When Brittney Martel drove to work Monday around 2:30 p.m., she was oblivious to the burgeoning wildfires just miles away that would devastate her community and claim the lives of at least three people. As she pulled into downtown Gatlinburg, Tenn., she saw thick, heavy smoke wafting overhead, signaling that something very near was ablaze.
Ash started to rain down. She started to panic.
“There were no people on the road. There were no tourists walking up and down. People had vanished, and it looked like a deserted ghost town,” Martel told Yahoo News. “At that point, I still had no idea what was going on. I literally became terrified.”
The fire hadn’t gotten much attention on the news yet. She recalled the sky being an eerie orange color and Gatlinburg having an “almost apocalyptic” feel. To her, the town looked like the site of a bombing or a war zone.
Martel, 32, pulled her 2009 black Honda Civic into the parking lot of Smokies’ Elks Lodge, where she works as a bartender, and asked the few people she saw what was going on.
“The mountains are burning down,” someone said.
“What do you mean the mountains are burning down?” she responded.
That’s when she first heard that a fire broke out on Chimney Tops, high winds caused the flames to spread quickly, and some people were evacuating.
“I had never been more scared in my life because I had no idea what to do,” she recalled Tuesday. “We had no evacuation plans. We had never prepared for this. When you live in Gatlinburg, even though it’s in the Smokey Mountains, you never think that your whole entire town is going to be wiped out due to a fire.”
The gigantic wildfire in eastern Tennessee that grew to engulf at least 500 acres is part of a larger pattern of blazes throughout the southeastern United States at the tail end of one of the nation’s hottest years on record.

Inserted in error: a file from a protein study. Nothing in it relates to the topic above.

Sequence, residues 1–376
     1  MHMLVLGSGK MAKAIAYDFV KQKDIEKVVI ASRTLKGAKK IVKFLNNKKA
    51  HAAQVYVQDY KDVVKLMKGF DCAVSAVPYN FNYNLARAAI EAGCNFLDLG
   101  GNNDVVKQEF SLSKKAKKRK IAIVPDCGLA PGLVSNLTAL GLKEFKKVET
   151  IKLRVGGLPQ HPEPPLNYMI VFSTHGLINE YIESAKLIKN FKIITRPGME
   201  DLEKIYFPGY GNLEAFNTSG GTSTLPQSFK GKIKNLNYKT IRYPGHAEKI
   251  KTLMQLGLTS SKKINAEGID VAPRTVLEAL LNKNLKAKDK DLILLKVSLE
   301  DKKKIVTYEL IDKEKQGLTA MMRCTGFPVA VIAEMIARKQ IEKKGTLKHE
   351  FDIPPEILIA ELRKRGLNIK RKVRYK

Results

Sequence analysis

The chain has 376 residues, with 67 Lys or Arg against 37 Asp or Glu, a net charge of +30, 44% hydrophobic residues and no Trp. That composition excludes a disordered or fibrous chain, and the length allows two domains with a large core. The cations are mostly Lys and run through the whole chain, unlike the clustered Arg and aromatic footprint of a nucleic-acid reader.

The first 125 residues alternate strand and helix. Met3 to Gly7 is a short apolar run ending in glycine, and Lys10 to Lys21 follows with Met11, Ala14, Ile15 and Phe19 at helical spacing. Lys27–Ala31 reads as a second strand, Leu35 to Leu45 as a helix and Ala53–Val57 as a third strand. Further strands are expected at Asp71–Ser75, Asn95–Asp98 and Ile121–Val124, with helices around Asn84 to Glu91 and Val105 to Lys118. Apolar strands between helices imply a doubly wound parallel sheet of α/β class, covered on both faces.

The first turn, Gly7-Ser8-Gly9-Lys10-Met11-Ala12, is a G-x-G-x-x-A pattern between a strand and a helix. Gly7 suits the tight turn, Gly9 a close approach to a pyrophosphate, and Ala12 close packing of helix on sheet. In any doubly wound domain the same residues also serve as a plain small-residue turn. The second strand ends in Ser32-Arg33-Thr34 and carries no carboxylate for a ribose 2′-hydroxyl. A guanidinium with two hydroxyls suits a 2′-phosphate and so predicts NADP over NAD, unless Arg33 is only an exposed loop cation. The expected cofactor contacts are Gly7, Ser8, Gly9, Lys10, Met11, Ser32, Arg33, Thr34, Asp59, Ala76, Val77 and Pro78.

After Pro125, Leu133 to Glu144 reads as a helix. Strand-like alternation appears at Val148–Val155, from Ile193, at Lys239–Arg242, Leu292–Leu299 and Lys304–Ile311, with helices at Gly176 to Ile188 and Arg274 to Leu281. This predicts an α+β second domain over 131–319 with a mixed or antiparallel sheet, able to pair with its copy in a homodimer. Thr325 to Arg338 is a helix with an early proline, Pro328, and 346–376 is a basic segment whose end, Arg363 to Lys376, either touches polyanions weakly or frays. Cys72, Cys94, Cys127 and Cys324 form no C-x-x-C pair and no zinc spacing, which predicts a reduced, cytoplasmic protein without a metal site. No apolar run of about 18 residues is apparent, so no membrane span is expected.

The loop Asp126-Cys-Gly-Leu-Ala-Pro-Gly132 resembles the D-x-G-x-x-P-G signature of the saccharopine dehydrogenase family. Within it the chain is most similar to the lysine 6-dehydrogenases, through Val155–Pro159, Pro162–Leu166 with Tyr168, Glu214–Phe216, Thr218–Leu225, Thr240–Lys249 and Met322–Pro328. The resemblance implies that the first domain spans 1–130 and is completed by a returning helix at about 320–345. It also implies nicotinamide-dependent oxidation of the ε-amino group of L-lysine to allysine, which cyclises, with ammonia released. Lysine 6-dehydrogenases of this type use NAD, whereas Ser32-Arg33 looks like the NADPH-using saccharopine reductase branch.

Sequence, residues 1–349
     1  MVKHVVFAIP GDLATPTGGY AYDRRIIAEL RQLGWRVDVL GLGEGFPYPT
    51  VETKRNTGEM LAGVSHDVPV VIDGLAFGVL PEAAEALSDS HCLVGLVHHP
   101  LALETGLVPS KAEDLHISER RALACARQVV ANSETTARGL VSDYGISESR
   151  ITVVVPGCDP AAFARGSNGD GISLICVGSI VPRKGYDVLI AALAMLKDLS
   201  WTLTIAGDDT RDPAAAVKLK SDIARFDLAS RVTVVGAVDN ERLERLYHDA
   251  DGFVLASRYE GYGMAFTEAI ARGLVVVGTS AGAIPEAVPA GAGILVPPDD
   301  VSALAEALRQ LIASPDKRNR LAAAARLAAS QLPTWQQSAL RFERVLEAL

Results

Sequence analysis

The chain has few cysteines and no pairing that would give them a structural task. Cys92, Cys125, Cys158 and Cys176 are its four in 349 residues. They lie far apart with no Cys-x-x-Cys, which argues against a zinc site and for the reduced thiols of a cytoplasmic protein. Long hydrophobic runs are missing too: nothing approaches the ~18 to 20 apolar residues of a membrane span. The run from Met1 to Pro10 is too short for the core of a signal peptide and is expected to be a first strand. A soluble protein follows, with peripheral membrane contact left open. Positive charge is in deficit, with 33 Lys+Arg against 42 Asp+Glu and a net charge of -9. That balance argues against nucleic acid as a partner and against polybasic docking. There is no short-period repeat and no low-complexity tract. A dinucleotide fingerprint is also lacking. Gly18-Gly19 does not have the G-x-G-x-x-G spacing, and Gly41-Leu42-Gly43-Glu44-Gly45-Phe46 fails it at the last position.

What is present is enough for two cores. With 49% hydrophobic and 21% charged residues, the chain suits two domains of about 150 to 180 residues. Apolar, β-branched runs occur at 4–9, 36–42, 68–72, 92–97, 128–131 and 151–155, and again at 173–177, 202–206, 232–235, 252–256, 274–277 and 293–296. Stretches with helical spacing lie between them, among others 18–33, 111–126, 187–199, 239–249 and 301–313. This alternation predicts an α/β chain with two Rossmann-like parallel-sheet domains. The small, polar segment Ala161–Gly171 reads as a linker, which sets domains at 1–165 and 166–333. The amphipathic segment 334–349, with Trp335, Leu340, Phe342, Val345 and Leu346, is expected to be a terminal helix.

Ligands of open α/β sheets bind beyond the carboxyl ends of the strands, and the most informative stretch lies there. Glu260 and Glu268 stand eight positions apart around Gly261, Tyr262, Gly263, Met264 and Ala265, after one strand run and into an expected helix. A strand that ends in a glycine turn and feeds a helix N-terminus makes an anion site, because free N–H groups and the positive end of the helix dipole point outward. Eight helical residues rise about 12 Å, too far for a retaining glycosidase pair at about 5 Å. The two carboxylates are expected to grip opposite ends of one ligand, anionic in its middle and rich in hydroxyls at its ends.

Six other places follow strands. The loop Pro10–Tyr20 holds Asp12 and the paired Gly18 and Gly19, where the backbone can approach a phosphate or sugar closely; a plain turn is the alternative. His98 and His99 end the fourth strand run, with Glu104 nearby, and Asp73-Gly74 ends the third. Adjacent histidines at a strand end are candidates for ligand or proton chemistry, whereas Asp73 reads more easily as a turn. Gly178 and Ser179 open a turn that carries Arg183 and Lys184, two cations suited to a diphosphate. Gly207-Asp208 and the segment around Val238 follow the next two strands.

Slideshow: Drought and arson ignite wildfires across the Southeast >>>
Wildfires arise occasionally in the Southeast but they do not pose the same sort of regular threat that they do in the West, where they break out every year.
Heath Hockenberry, national fire weather program manager for the National Weather Service, said the Southeast has a general three to five-year reoccurrence in which outbreaks occur in Tennessee, Georgia or the Carolinas.
“The confluence of factors that led to this has been a northern-leaning jet stream. It’s been quite warm, and that has kept the cold air locked into the northern extreme of North America, so we don’t get those low-digging, low-pressure systems that really carry Gulf moisture up in the fall months,” Hockenberry said to Yahoo News. “That combined with fields that are stressed from lack of rain … that’s really the driving factor.”
In other words, a lack of rain has resulted in fields that are bone-dry in states like Tennessee, Georgia and Kentucky. To make matters worse, weather patterns have stopped moisture from the Gulf of Mexico.
“All it takes is a downed power line or a careless fire to get things started,” he said.
Martel worked her full shift as the fires and threat intensified. The mandatory evacuation order would not come until late that night. She recalled watching the fire and its haunting red glow spread across the mountains climbing into view. After locking up and walking back to the parking lot, Martel’s eyes started to burn. She described her drive home to her cabin at the Glades Arts and Crafts Community as terrifying: police speeding past in all directions, downed trees on the road and a steady stream of debris falling from the sky.